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COP26 has, rightly, got the world's undivided attention on the environment. Which is great. Swallowtail Hill guests will know that we are all about sustainability – it’s what we do. It’s Christopher’s area of expertise (he runs a global sustainability consultancy). But perhaps we’re too quiet about it. Perhaps we’ve been shying away from controversy, doing our conservation and carbon reduction work too quietly, making our sustainability choices on the sly. 

So we’re going to change that. Now!

We’re going to start by talking to you about trees. We are almost force fed the concept that the solution to climate change and the nature emergency is planting trees. 

Now, don’t get me wrong – planting trees is a really good thing - provided that we are planting the right trees in the right place. We have seen examples of wildly over enthusiastic tree planting resulting in the total trashing of a priceless wildflower meadow and its conversion to woodland. Not a good result! 

We also see the ‘wrong tree’ syndrome in evidence – the most obvious example of this is the use of conifers where they would not naturally exist. The Forestry Commission, coupled with private landowners, made this mistake decades ago when, spurred by a panic about the domestic availability of construction timber on the one hand, and a beneficial tax system on the other led to swathes of natural mixed deciduous woodland being grubbed up and planted with firs. 

Thankfully the tax break no longer exists, and the Forestry Commission has long since being working to repair the damage. 

But we are in danger of being led down a single solution dead end here – peer reviewed research published recently in Restoration Ecology* by biologist Dr Csaba Tolgyesi of the University of Szeged in Hungary, and several co-authors, states: ‘the prevailing nature based solution to tackle climate change is tree planting. However, there is growing evidence that it has serious contraindications in many regions. The main shortcoming of global tree planting is its awareness disparity to alternative ecosystem types, mainly grasslands.’ It goes on to explain that where grasslands are the natural vegetation – and think the Great Prairies of the US Midwest, the plains of Ukraine, and to an extent the patchwork system of meadows in England – then we may be missing a trick.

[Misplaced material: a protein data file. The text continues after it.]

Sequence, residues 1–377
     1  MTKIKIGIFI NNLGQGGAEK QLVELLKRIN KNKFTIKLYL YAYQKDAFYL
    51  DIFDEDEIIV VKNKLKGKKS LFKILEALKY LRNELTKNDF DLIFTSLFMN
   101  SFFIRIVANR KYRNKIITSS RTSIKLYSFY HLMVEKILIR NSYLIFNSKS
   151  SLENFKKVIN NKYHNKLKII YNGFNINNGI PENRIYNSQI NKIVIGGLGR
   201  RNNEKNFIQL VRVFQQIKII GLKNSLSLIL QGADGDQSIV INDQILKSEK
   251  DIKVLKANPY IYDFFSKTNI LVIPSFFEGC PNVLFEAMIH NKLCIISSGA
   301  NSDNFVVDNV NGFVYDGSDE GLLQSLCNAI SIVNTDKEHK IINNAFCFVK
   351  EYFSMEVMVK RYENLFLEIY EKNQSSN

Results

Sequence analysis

These grasslands are likely to support a higher biodiversity and a stronger locked-in carbon store below the surface – i.e. in the soil – than plantations and other sorts of forest. The authors suggestion is to replace ‘tree planting’ with the phrase ‘restore natural vegetation’. 

This is music to our ears here at Swallowtail Hill. Our landscape is a mixture of woodland, hedgerow, ponds and of course flower meadows. These meadows, inconspicuous as they may be, are tremendous repositories of carbon.

Dr Robin Stott is a physician, with a passionate interest in climate change and ways to achieve net zero. He recently published a piece in the BMJ** with some fascinating workings. He calculates that we would need to convert one third of the country’s 23m acres of agricultural land - so around 8m acres - to regenerative agriculture in order to sequester the necessary weight of CO2 to achieve net zero by 2030. He bases this on undisturbed agricultural land having the capacity to absorb 20 tons per acre over ten years. 

Our meadows have been undisturbed for well over 25 years, so are at full tilt in terms of their CO2 absorption, as well as the diversity of plantlife that thrives on them, the CO2 that locks up, and the rich sub-soil fungal networks and other life. At a very cautious level that’s 520 tons of carbon being locked up just in our small patch of East Sussex. Without trees. 

* https://onlinelibrary.wiley.com/doi/10.1111/rec.13594

** https://blogs.bmj.com/bmj/2020/02/14/sequestering-carbon-by-regenerating-soil-planting-trees-and-changing-land-use/#
 

 

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